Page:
Entrance question too vague
October 28, 2002
Friends have told me that they’ve heard I am now “for the S-curves” and have asked whether this means I’ve changed views on the entrance to Aspen since leaving elected office.
The answer is “no” on both counts: I do not support keeping the S-curves long-term for the simple reason that they do not offer a long-term solution to our transportation problems.
Nonetheless, I am still voting my preference in favor of the S-curves over the straight shot in this election. My reason lies in the dangerously vague ballot language, which asks only our preference between S-curves and straight shot ? without answering the obvious question: “For what?”
The ballot language ignores the all-important issue of what would cross Marolt Park if we chose the straight shot. If we voters say, in effect, “Dig up Marolt Park, and build whatever you want,” we would be handing future elected officials a rather large blank check, one I am not comfortable writing.
What would we be “preferring” for Marolt Park? A two-lane, a four-lane, a six-lane, two bus lanes, an intercept parking lot?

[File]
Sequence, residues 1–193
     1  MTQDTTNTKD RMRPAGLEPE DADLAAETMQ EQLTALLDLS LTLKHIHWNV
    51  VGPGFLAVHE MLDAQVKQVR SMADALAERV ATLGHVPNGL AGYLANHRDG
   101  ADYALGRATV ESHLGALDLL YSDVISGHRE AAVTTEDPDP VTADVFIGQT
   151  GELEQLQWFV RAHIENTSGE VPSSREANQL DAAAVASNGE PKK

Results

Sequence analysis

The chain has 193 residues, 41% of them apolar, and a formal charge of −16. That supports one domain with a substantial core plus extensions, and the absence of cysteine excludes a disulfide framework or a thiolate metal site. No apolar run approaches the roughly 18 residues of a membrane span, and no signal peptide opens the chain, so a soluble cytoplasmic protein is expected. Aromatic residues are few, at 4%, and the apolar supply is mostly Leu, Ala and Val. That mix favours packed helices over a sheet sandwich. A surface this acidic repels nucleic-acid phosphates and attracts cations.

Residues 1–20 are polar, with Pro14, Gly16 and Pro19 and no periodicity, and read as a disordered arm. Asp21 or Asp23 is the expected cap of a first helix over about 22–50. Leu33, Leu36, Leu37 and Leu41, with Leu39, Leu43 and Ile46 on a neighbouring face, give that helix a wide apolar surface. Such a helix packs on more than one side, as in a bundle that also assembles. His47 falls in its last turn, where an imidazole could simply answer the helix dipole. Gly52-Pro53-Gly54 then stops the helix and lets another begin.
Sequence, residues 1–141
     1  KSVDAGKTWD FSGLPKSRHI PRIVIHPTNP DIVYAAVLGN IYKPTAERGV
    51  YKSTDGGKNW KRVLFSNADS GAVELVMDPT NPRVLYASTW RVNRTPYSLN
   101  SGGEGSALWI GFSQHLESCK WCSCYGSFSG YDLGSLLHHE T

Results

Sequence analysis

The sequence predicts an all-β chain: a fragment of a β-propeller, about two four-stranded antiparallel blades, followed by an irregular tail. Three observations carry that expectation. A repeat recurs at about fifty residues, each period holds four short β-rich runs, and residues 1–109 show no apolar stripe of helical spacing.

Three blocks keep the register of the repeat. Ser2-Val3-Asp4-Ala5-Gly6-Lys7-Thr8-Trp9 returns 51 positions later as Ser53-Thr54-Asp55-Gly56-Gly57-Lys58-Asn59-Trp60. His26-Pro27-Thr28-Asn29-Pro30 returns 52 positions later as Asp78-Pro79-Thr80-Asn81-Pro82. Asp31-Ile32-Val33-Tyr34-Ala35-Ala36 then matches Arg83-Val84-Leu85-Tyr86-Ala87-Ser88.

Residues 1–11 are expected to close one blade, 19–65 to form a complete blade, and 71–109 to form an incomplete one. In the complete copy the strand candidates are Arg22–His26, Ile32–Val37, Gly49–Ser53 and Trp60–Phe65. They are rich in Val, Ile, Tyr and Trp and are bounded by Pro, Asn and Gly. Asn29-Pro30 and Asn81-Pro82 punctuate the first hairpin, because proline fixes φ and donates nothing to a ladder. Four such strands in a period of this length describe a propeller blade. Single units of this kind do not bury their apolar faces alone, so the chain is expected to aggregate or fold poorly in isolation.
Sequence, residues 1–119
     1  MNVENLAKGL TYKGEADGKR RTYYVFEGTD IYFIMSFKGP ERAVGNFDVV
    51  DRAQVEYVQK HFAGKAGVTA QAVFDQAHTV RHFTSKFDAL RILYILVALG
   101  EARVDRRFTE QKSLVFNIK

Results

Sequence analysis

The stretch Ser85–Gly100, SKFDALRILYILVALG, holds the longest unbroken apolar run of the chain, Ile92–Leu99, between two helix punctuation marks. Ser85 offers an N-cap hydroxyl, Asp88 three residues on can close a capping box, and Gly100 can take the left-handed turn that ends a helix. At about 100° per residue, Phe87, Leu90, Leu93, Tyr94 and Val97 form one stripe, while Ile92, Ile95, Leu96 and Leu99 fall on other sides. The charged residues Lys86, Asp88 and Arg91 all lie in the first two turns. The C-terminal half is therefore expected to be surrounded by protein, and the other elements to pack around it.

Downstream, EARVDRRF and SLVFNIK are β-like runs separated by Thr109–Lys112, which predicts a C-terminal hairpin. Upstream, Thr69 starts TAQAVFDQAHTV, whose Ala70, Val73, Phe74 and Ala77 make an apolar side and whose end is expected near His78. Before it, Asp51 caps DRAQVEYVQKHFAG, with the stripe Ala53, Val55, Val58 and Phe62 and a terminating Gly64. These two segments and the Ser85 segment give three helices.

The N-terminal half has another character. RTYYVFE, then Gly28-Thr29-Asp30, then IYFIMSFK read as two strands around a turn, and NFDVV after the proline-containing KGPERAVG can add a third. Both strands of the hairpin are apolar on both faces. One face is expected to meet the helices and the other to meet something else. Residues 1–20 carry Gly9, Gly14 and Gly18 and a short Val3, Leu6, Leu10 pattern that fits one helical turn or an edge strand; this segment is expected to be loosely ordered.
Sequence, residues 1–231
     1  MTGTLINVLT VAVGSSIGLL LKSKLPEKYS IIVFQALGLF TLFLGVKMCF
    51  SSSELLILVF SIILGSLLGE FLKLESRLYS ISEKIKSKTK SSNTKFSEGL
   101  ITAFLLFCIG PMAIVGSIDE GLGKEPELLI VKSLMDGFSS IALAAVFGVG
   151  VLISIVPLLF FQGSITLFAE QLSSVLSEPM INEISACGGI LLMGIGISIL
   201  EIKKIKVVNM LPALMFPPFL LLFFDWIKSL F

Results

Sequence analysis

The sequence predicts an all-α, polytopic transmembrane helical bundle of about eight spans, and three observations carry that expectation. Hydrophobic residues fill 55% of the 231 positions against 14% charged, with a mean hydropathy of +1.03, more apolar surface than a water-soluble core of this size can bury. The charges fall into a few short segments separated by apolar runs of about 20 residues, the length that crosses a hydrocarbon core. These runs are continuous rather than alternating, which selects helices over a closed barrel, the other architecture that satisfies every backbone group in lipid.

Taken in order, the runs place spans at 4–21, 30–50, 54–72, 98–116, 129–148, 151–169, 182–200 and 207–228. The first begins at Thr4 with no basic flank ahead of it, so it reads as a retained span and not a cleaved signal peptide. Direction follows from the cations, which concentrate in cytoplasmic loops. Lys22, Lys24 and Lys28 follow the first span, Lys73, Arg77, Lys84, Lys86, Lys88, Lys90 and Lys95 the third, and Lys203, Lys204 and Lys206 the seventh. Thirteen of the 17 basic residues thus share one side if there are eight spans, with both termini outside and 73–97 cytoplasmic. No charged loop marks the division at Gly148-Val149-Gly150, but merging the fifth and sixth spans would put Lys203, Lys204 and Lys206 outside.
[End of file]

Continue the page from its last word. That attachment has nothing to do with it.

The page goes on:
In 1996, a large majority of voters approved the “Parkway/Rail Plan,” which called for a two-lane parkway plus light rail across Marolt.
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The Colorado Department of Transportation Environmental Impact Statement chose essentially the same plan, allowing also an interim busway. If our elected officials asked us today to reaffirm our ?96 vote, I would gladly do so, but that is not on the ballot.
The Parkway/Rail Plan was a community compromise forged by the Entrance to Aspen Citizen Task Force, a huge citizen-planning effort. Twenty-five valley citizens ? some four-lane proponents, some mass transit believers, some from Aspen, some from Snowmass and Basalt ? spent close to three years reviewing countless engineering studies and budgets before coming to consensus (24 out of 25) on the plan that voters endorsed in 1996.
Why does today’s ballot ignore both that effort and the ?96 vote? Such community compromises are not forged easily ? nor do Aspen citizens take lightly the idea of digging up park land for civic “improvements.”
To win our votes, today’s elected officials owe us a far higher level of specificity about their plans for this, the most visible open space in Aspen.
Our quality of life and our economic vitality depend equally on that elusive but critically important quality we refer to as our unique community character. Why gamble with it?
For this election, at least, I “prefer” the S-curves.
John S. Bennett
Former Aspen mayor